Despite several decades of research, no unifying hypothesis for a molecular/cellular basis of action for antidepressant drugs (or depressive disorders) has emerged. Over the last several years, we have suggested that, in addition to pre-synaptic targets (uptake sites), a number of antidepressant drugs have a post-synaptic mechanism of action. Toward this end, we have observed that chronic treatment (3-5 days) of C6 glioma cells with a number of chemically diverse antidepressant compounds translocates the heterotrimeric G protein Gs1 out of lipid rafts and into a closer association with adenylyl cyclase. Post-mortem tissue from depressed- suicides shows just the opposite, with an increased proportion of Gsa ensconsed in lipid rafts. This study will examine the antidepressant-induced movement of Gs1 out of lipid rafts and the consequences of this for G protein signaling systems. The cells to be examined are lymphoblasts generated from depressed subjects who responded, or did not respond to citalopram (many from the STAR*D study). While these cells are routinely used for genetic studies, we suggest that their use in a cell biological approach to depression and antidepressant action is both novel and with great potential. The extent of Gs1 in lipid rafts will be correlated with both depression ratings and clinical response to antidepressants. Cells will treated directly with antidepressant and will then be analyzed for the amount of Gsa in raft and non-raft membrane compartments both before and during drug treatment. This will be correlated with degree of depression and extent of therapeutic response. Cells will also be examined for downstream consequences of increased cAMP signaling, including activated pCREB and BDNF. Gsa translocation will also be confirmed in living cells expressing a fluorescent Gsa fusion protein. The ratio between raft:non-raft Gsa may prove to be a peripheral tissue biological marker for depression and an early (<1 week) indicator of successful antidepressant treatment that can be developed into a clinically useful, inexpensive and readily-available biomarker for clinical use.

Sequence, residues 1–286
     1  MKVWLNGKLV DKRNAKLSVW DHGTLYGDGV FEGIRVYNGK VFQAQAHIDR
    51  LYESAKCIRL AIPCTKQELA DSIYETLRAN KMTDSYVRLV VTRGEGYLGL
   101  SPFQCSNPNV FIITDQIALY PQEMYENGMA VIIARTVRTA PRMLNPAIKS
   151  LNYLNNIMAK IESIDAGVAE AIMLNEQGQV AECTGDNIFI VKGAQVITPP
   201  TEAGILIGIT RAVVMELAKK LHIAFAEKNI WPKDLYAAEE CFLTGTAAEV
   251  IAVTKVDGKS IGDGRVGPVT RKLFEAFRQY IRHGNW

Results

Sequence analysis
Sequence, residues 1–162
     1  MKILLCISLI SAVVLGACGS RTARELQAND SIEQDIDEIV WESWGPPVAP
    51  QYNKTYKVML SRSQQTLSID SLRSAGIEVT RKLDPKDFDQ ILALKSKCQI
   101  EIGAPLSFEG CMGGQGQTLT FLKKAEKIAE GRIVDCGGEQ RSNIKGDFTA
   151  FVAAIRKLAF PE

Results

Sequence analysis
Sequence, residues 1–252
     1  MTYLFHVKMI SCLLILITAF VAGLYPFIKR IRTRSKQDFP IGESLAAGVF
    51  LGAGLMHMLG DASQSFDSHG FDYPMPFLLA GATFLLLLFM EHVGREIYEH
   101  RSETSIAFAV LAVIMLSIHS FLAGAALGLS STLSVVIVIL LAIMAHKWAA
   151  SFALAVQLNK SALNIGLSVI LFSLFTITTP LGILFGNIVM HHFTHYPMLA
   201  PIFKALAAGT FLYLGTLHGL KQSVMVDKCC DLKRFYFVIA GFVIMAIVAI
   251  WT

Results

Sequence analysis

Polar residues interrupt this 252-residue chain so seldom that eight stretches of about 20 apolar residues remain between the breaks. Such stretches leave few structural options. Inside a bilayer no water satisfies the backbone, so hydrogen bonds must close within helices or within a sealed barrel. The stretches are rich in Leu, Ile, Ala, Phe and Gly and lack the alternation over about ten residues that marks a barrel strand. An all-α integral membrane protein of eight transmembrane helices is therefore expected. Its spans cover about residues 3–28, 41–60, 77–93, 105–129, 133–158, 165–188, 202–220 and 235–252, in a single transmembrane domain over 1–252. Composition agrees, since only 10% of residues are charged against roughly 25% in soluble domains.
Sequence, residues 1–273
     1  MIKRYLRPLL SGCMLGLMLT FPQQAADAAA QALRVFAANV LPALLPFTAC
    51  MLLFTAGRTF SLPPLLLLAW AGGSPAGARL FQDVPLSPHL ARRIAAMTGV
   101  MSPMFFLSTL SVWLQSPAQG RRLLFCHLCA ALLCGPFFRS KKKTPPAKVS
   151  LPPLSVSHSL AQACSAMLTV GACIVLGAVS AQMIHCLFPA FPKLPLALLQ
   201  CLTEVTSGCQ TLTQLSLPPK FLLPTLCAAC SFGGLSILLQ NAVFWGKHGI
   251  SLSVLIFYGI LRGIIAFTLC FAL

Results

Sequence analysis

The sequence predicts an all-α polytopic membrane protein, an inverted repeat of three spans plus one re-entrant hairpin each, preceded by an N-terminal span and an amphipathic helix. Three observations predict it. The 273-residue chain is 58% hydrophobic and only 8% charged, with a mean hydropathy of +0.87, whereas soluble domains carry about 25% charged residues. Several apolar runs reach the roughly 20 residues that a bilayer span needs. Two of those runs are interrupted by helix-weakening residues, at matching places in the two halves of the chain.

Public Health Relevance

The burden of depression, both from a societal and economic standpoint, ranks second only to ischemic heart disease. By the year 2020, the World Health Organization projects that depression will be the leading cause of disability worldwide. Depression and suicide are particularly prevalent in military returning from deployment and the population of Veterans they become. We have observed in studies with cultured cells and examination of brains taken from suicide victims with documented depression, that a protein involved in the action of neurotransmitters, such as serotonin, becomes less soluble in the presence of a detergent. We will examine this in blood cells from depressed patients who responded to antidepressants as well as those who didn't. We suggest that the solubility of this protein, known as Gsa, is an easily identified marker for depression as well as therapeutic response, which is available in blood cells. Knowledge gained from this study should help to develop a rapid and inexpensive screen for antidepressant responsiveness, allowing changes in therapy long before the current 4-6 week lag time.

National Institute of Health (NIH)
Veterans Affairs (VA)
Non-HHS Research Projects (I01)
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Cellular and Molecular Medicine (CAMM)
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Jesse Brown VA Medical Center
United States
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